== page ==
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Featured Blu-ray Review: Road to Perdition

August 1st, 2010

Road to Perdition - Blu-ray - Buy from Amazon

When Road to Perdition came out in 2002, Tom Hanks was easily the biggest movie star around, not to mention one of the most critically acclaimed. From the time Big was released in 1988 until this film hit theaters, Hanks had eleven $100 million hits on his resume and had earned five Oscar nominations, winning twice. His presence in this film meant it had a lot of expectations put upon it, but it wasn't the only thing inflating expectations. It was directed by Sam Mendes, who had recently won an Oscar for American Beauty, plus, there was talk that this was going to be Paul Newman's final film. Is there any way this film could live up to expectations?

The Movie

While the Blu-ray cover features Tom Hanks, Paul Newman, and Jude Law, the film actually focuses on Tyler Hoechlin, who plays Michael Sullivan Jr., the elder of Michael Sullivan Sr.'s (Tom Hanks) two sons.

Michael Sullivan Sr. works for John Rooney (Paul Newman), who had been like a surrogate father to Michael, Sr., and a surrogate grandfather to Michael, Jr. and his younger brother, Peter. However, neither of the two sons know what their father does for Mr. Rooney; Michael knows it's dangerous, because he has seen his father carry a gun, but that's it. One day, spurred on by curiosity, he decides to hide in his father's car as he drives to "work" with Connor Rooney, only to find out they are mobsters and that far from the hero he imagined him to be, Michael, Sr. is a killer.

This revelation changes the son's vision of his father, but also changes the dynamic of the relationship between Michael, Sr. and John Rooney.

And... that's all I'm going to say. In fact, I'm kind of worried I'm giving too much away as it is.

This is a movie that deserves to be seen and with as little spoiled as possible.

The writing, directing, and of course acting in this movie are fantastic. Paul Newman earned an Oscar nomination for Best Supporting Actor, but I'm surprised Tom Hanks and Sam Mendes didn't also earn nominations. This is arguably one of the best mafia movies of all time, partially because it focuses so much on the father and son relationships in the movie. It's a road trip movie, a revenge movie, a coming of age movie, all combined into one, and all aspects work.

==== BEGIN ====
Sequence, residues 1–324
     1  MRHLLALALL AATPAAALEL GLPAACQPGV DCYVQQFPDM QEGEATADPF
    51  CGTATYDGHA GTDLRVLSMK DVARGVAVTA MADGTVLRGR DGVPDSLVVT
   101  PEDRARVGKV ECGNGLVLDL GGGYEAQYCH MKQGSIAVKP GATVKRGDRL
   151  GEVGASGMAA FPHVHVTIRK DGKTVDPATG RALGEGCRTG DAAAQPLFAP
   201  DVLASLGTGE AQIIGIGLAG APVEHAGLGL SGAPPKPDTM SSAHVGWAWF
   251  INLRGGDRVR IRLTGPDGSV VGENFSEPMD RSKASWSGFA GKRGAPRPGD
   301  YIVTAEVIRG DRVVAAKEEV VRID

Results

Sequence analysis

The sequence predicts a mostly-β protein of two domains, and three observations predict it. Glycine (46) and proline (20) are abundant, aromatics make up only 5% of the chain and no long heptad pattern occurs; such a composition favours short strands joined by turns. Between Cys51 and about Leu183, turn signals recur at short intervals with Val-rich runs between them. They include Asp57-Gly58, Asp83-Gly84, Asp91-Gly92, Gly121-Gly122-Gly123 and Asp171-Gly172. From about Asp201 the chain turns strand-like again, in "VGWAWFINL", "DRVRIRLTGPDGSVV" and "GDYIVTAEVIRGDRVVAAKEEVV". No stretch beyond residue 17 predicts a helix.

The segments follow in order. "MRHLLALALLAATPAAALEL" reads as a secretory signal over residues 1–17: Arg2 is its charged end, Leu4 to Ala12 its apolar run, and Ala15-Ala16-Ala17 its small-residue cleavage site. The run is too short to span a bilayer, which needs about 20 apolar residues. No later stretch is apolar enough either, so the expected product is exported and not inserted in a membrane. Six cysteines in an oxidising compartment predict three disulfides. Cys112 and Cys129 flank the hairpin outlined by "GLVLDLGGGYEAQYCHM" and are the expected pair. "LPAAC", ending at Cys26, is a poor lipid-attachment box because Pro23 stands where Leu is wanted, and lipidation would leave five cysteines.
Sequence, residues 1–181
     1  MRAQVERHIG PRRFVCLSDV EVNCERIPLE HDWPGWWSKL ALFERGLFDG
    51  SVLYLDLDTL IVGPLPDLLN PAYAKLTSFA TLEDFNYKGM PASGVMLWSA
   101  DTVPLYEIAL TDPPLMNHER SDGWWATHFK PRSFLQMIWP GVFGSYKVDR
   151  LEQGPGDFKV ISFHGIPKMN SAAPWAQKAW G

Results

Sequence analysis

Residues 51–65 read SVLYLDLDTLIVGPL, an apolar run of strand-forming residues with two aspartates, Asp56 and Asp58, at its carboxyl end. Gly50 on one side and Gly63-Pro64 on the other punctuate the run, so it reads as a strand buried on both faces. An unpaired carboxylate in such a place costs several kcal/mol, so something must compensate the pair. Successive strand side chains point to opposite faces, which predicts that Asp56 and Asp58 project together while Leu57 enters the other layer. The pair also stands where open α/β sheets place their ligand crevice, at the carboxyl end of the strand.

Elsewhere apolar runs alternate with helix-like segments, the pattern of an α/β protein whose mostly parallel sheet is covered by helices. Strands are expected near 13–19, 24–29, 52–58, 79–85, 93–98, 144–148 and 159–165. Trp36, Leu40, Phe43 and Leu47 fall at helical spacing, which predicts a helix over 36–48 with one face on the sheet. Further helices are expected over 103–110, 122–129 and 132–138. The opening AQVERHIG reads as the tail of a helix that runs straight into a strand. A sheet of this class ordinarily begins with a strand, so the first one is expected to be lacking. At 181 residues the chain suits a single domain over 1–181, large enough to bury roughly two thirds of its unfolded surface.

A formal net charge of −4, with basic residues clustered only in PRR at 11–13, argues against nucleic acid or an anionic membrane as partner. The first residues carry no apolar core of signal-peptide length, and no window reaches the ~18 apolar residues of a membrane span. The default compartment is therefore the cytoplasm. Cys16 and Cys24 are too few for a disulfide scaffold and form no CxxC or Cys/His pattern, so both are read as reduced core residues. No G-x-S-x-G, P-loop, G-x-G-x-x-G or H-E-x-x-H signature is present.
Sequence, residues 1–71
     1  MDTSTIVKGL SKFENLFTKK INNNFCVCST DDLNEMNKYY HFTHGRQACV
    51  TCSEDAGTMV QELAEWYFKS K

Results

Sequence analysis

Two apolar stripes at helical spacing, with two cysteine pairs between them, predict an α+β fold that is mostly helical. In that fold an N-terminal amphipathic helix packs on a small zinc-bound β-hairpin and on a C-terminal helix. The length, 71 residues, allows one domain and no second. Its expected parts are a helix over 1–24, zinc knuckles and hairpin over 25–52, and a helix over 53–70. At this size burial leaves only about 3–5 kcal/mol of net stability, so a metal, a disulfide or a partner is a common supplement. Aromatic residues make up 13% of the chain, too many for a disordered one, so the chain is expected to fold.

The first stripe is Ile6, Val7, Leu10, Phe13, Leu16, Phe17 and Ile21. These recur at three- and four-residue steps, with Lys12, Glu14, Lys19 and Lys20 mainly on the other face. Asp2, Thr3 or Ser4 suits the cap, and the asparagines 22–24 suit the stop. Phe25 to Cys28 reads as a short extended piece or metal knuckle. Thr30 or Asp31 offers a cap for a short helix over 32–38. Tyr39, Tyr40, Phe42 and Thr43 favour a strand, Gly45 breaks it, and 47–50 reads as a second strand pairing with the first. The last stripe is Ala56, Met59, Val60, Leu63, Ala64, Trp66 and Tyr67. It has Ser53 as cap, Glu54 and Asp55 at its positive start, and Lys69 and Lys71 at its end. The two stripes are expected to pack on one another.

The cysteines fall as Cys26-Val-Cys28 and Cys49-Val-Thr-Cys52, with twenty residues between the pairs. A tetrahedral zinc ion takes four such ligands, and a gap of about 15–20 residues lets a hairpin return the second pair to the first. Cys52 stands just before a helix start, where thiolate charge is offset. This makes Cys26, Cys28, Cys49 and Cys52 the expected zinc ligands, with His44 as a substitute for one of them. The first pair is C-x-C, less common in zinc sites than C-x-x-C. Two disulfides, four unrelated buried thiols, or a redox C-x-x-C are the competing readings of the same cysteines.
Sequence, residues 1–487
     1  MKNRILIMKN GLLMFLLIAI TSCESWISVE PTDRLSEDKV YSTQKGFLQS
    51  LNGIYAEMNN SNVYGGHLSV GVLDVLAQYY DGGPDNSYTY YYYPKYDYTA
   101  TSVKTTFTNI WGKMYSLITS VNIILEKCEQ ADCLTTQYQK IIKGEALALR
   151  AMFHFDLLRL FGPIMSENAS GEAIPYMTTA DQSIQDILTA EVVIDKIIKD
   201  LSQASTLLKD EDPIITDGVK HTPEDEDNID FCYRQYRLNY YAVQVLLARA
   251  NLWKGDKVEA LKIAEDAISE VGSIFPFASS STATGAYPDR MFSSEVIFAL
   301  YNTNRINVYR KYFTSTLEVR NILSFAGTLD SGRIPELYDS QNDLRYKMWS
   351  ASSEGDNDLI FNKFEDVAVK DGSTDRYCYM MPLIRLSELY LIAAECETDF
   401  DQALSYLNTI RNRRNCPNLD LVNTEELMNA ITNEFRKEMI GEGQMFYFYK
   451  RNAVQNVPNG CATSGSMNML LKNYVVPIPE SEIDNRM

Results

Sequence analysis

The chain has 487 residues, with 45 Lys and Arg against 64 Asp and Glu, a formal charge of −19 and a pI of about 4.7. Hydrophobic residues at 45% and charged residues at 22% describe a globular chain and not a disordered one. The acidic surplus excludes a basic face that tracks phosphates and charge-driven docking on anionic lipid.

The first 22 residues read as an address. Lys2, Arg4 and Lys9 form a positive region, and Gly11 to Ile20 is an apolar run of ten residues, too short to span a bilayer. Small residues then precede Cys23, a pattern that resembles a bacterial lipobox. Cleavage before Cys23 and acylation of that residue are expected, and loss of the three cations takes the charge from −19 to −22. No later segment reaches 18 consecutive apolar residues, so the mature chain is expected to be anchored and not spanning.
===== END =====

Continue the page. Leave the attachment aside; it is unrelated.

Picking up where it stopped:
This is also an amazing film to look at; in fact, its lone Oscar win was won by Conrad L. Hall for Best Cinematography, although sadly he died before the ceremony. This was his tenth Oscar nomination and his third win in a career that spanned four decades.

Some critics have complained that the movie sets too serious a tone, or that some of the characters are too cold to be emotionally approachable. I can see where those complaints are coming from, but I don't agree with them. There are a few glimpses of humor here and there, while as the movie progresses, we see more humanity in the characters. (Some of them, anyway.) But the tone of the film fits the story.

Overall, this is an easy recommendation. The only question is if the Blu-ray is worth the upgrade.

The Extras

There are quite a few extras on the Blu-ray, most of which have been ported over from the DVD release, including an audio commentary track with Sam Mendes. Solo tracks are usually not as strong as tracks with two or three people, as being able to bounce ideas off of each other tends to help keep the energy level high. However, here the director gives plenty of information were almost no dead spots. And it is very in-depth information, concentrating a lot on artistic decisions made and why. There are nearly a dozen deleted / extended scenes with optional audio commentary track. Finally, there's a 25-minute-long making-of featurette that is the usual mix of talking heads, behind-the-scenes footage, and clips from the movie.

New to the Blu-ray is an introduction to the movie by Sam Mendes, who talks about his reluctance to release the movie on Blu-ray, as he thought the DVD looked perfectly fine. We will get to the Tech Specs shortly to see if he was right. There is also a 26-minute featurette on Conrad L. Hall, who I mentioned above. Considering this film's only Oscar win was for cinematography, and it was Conrad L. Hall's last film, this is a very fitting addition to the extras. The Library: A Further Exploration of the World of Road to Perdition is an interactive look at the film, the world it is set it, the cinematic inspirations, etc. There's a lot to explore here.

The deleted scenes on the Blu-ray are in Standard Definition, and they do look perfectly fine. However, the Blu-ray looks nearly flawless. There is, at times, excessive grain; however, this was an artistic choice by the filmmakers and not a flaw in the transfer. The colors are muted, but again, this was done for artistic reasons. The audio is just as strong, if not more so. Dialogue is clear, and the film has some of the best surround-sound effects, especially the rain.

The price is good for this type of release. It is a catalogue title, but it is not shovelware.

The Verdict

High expectations likely hurt Road to Perdition with critics and with moviegoers; it was still a hit with both, but not quite as large a hit as some were predicting at the time. It is absolutely worth owning and the Blu-ray offers enough new and a brilliant technical presentation that is it worth paying extra for.

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